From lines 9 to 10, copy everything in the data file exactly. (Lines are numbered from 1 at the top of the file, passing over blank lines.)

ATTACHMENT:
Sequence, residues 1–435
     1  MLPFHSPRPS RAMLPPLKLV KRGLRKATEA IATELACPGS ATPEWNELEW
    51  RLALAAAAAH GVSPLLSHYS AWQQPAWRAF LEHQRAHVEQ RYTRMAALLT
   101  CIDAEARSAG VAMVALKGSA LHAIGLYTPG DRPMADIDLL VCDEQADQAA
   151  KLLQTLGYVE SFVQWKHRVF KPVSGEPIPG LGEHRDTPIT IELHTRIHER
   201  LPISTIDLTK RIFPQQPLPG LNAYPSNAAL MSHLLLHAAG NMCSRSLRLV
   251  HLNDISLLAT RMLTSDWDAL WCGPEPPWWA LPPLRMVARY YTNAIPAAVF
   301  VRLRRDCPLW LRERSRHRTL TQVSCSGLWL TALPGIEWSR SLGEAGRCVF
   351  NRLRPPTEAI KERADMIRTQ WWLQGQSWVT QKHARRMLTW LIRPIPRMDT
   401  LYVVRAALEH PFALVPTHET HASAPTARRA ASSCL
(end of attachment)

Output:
   351  NRLRPPTEAI KERADMIRTQ WWLQGQSWVT QKHARRMLTW LIRPIPRMDT
   401  LYVVRAALEH PFALVPTHET HASAPTARRA ASSCL